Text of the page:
LOUISVILLE, Ky. (WDRB)---In the small town of Corydon, Ind., work is underway on an important landmark.

It’s a tree that some locals consider a hidden treasure.

“It's probably the number one site that I think is a secret that people don't know about,” said Susan McGuffey, who lives next door to the tree.

The tree is known as the Constitution Elm, where it's said history was forever changed in Indiana.

“The tradition holds that the delegates from the Constitution Convention actually wrote part of Indiana's constitution under that tree in 1816,” said Laura Van Fossen, the Program Developer at the Indiana State Museum.

By December of the same year, history changed.

“Indiana officially became a state,” Van Fossen said.

It’s history that residents want to hold on to.

Over the years, the tree died from a disease and had to be cut down. Now, all that remains is a stump.

There’s an effort this weekend to restore and conserve it.

“Every layer that we take off, we keep finding more ... what other people did in the past,” Chris Stock said.

Stock and Lori Arnold traveled all the way from Philadelphia just to help the historic tree.

“I responded to an RFP put out by the Indiana State Museum,” said Arnold, who owns Arnold Wood Conservation in Philadelphia.

This weekend, they'll be working to clean it up and repair what's been lost.

“The timing was perfect. We actually found a several-hundred-year-old elm tree that had been chopped down. We can use those parts to repair this one,” Stock said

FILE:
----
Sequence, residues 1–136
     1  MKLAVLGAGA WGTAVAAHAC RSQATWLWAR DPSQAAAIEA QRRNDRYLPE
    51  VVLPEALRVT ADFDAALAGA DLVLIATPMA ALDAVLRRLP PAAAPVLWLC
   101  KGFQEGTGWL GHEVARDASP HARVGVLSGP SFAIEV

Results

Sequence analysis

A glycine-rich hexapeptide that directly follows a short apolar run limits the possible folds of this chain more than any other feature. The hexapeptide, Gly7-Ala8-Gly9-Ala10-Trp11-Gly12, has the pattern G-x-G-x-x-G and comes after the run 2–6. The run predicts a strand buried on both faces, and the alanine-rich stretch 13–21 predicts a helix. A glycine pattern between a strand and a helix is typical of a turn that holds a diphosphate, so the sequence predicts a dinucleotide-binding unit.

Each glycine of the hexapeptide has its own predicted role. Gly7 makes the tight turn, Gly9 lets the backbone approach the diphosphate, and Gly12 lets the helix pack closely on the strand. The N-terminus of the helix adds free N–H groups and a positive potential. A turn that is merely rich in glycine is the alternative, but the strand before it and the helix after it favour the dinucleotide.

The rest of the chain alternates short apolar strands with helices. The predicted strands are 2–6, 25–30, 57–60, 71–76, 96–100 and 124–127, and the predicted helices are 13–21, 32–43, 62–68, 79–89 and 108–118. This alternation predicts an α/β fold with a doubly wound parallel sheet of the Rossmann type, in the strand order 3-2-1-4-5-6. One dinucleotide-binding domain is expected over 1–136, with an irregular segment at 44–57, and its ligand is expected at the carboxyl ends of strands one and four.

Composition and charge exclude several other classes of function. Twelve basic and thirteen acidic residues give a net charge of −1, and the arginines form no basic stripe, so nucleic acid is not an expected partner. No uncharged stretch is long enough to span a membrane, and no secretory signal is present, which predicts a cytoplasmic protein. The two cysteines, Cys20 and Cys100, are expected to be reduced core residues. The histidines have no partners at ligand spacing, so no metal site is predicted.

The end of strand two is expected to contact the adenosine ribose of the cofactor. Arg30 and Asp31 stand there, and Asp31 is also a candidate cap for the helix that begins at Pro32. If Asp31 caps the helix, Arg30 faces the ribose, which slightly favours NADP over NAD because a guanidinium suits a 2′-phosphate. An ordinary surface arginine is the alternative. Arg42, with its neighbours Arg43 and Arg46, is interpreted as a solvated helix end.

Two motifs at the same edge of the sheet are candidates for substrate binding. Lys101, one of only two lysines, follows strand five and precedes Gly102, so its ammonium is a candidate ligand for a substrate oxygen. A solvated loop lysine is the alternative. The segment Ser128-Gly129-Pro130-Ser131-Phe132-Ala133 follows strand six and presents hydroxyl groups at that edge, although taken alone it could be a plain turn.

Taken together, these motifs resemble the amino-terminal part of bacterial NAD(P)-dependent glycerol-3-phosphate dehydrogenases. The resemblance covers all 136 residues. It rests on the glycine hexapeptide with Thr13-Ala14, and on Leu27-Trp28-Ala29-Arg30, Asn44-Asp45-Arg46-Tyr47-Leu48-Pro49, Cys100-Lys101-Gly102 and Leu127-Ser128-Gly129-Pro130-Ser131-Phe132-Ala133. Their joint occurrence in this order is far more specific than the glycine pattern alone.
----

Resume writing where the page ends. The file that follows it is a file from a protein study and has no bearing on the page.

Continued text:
They say it's a piece of history that they're hoping Indiana residents can continue to hold onto.

“We hope to leave it in better shape for another 100 years and we'll do the best we can,” Stock said.

As the state of Indiana is fast approaching its 200th birthday in 2016, residents want to make sure the tree that started it all will still be around.

“That's very inspiring for somebody that lives in a big city on the east coast where preservation is viewed a little differently. It's invigorating and inspirational,” Arnold said.

When the tree was previously cut down from an elm disease, pieces of the tree were saved and can still be found in the town of Corydon.

“I just think it's a great symbol for our Hoosier heritage and everything that Indiana stands for and that's why it's so dear to so many people's hearts here in Indiana,” Van Fossen said.

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